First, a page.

Refugee Policy and Foreign Policy: Examining Policy Linkage in Chinese Relations with North Korea, Myanmar, and Vietnam

By Jasmine Lam
2013, Vol. 5 No. 10 | pg. 4/6 |

China & Vietnam

In juxtaposition to the North Korean and Burmese cases, China’s treatment towards Vietnamese refugees featured an open-door and a comprehensive resettlement program, which succeeded in integrating the refugees into Chinese society. Sino-Vietnamese relations went from a period of comradeship from the founding of the PRC, to increasing strain throughout the decades. During the 1970s, when the exodus of refugees into China occurred, relations were at its worst. The deterioration of relations led to eventual Chinese invasion into Vietnam in 1979. Against this backdrop, Chinese policy of refugee admission reflects extremely fraught bilateral relations, marking this case study at the low-level of cooperation end of the spectrum.

Historic Overview and Sino-Vietnamese Relations

Relations between China and Vietnam have fluctuated between times of comradeship and periods of hostility. Historically, China had attempted to exert influence and power over Vietnam, while Vietnam in return has strived to protect and maintain its independence.106 In the 1950s, when Vietnam wrestled for independence from French colonization during the First Indochina War, the PRC offered support to the Viet Minh to defeat the French.107 Their joint struggle against imperialism created an alliance between the two as “brotherly comrades.”108 According to the Chinese scholar Guo Ming, the term the “golden era” was used to describe Sino-Vietnam relations between 1949-1954.109 However, differences between the Chinese and Vietnamese began to surface during post-war negotiations.110 While Vietnam wanted to push for settlement terms that would include an immediate nation-wide plebiscite, China felt Vietnam should be more modest in its goals and accept the division of Vietnam at the 17th parallel.111 Chinese behaviour at negotiations built upon Vietnam’s historic sensitivity that China wishes to keep Vietnam weak in order for China to maintain its power over Vietnam.112 This perception will likely continue to influence Vietnam’s behaviour in the upcoming decades.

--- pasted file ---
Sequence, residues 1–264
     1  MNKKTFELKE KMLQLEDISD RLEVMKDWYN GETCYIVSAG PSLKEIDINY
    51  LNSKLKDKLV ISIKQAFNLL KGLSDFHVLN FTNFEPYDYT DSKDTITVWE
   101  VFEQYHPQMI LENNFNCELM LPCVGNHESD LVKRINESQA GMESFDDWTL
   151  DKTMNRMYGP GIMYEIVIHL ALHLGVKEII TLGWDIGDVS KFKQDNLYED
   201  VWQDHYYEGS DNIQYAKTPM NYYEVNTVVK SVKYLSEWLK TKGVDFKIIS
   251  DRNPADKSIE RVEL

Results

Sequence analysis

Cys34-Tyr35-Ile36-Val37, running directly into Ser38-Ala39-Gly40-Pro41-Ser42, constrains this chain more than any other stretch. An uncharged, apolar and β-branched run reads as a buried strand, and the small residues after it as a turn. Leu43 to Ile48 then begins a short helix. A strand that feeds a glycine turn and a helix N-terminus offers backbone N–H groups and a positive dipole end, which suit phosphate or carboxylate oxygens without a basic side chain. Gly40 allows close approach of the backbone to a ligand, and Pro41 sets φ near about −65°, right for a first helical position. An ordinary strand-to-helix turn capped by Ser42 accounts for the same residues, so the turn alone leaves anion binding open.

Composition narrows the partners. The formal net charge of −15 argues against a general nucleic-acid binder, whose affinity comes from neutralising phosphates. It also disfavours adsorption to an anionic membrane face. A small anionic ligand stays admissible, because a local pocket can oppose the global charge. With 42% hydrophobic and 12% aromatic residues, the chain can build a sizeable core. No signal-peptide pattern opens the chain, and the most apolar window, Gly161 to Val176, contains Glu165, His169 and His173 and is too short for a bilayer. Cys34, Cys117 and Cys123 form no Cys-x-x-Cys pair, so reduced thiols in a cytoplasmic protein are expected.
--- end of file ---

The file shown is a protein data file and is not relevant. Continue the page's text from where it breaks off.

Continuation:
Nonetheless, Sino-Vietnam relations remained close from the late-50s into the 60s.113 Between 1956 and 1963, China provided North Vietnam a total of 320 million yuan in military aid.114 Similar large-scale assistance was delivered during the Second Indochina War between 1965-1973, also known as the Vietnam War. At this time, China and Vietnam united to safeguard communism and resist expansion of Western influences. This sentiment was expressed through PRC’s Chairman Mao Zedong’s statement that China would offer “unconditional support” to Vietnamese Communists.115 Nearing the end of the 1960s, China was involved in construction and maintenance of defence works and infrastructure in North Vietnam, as well as the provision of military equipment and civil materials.116 Meanwhile, the regime of North Vietnam worked to preserve measures of independence by disallowing Beijing to interfere in Viet Minh’s decision-making.117 However, China continued to view Sino-Vietnam relations in the lens of Chinese superiority, and demanded Vietnam’s recognition of China’s upheld position.118